Today's Foundations Devotional: The Father’s promise


Memory verse:

Christ redeemed us from the curse of the Law, having become a curse

for us—for it is written, ‘Cursed is everyone who hangs on a tree’—in order

that in Christ Jesus the blessing of Abraham might]come to the Gentiles,

so that we would receive the promise of the Spirit through faith.

(Galatians 3:13-14)


These distinctive features of the gift provide two reasons why it could not be given so long as Christ remained in bodily presence on earth.

First, while Christ was present on earth, He was the personal, authoritative representative of the Godhead. There was no need, and no place, for the Holy Spirit also to be personally present on earth at the same time. But after Christ’s ascension into heaven, the way was then open for the Holy Spirit, in His turn, to come to earth as a Person. It is now He, the Holy Spirit, who in this present dispensation is the personal representative of the Godhead here on earth.

Second, the gift of the Holy Spirit could not be given until after Christ’s ascension because the claim of every believer to receive it is in no way based upon his own merits, but simply and solely upon the merits of Christ’s sacrificial death and resurrection. No one could receive the gift, therefore, until Christ’s atoning work was complete.

Paul links the promise of the Spirit directly to Christ’s atonement.

Christ has redeemed us from the curse of the law, having become a curse for us (for it is written, “Cursed is everyone who hangs on a tree”), that the blessing of Abraham might come upon the Gentiles in Christ Jesus, that we might receive the promise of the Spirit through faith (Gal. 3:13-14).

Paul here establishes two facts of great importance concerning the gift of the Holy Spirit to the Christian believer.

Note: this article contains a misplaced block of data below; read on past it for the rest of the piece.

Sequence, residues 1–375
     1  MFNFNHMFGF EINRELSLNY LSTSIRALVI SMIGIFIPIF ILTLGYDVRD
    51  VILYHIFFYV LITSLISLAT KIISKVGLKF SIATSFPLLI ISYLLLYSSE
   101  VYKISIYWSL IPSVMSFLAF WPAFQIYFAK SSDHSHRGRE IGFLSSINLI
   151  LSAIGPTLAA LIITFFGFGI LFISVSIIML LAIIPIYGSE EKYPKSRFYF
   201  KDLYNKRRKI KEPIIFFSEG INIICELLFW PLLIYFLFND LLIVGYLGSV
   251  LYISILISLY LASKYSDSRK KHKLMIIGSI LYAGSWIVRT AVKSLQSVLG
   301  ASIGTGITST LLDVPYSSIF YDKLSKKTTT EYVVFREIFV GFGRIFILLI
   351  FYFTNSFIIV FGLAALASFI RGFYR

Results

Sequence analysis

First of all, it is only through the redemptive work of Christ upon the cross that the believer may now receive the promise of the Spirit. In fact, this was one main purpose for which Christ suffered on the cross. He died and shed His blood that He might purchase thereby a twofold legal right: His own right to bestow, and the believer’s right to receive, this precious gift of the Holy Spirit.

Thus, the receiving of the gift does not depend in any way upon the believer’s own merits, but solely upon the all-sufficiency of Christ’s atonement. It is through faith, not by works.

Second, we notice that Paul uses the phrase “the promise of the Spirit,” for he says, “that we might receive the promise of the Spirit through faith.” This agrees with Jesus’ final charge to His disciples just before His ascension into heaven.

Behold, I send the Promise of My Father upon you; but tarry in the city of Jerusalem until you are endued with power from on high (Luke 24:49).

Jesus is here speaking to His disciples of the baptism in the Holy Spirit which they were to receive in Jerusalem on the day of Pentecost. He uses two phrases to describe this experience. He calls it an enduement “with power from on high” and also “the Promise of My Father.”

This second phrase, “the Promise of My Father,” gives us a wonderful insight into the mind and purpose of God the Father concerning the gift of the Holy Spirit. Someone has conservatively estimated that the Bible contains seven thousand distinct promises given by God to His believing people. But among all these seven thousand promises, Jesus singles out one from all the rest as being in a unique sense the Father’s special promise for each of His believing children. What is this unique and special promise? It is what Paul calls the “promise of the Spirit.”



Father, what a special thing to remember that receiving Your Holy

Spirit was such a very specific, promise from You. Work in me

deeply Lord, the special character of Your Holy Spirit, constantly

working through in my life so I that increasingly look more like

You. Amen.


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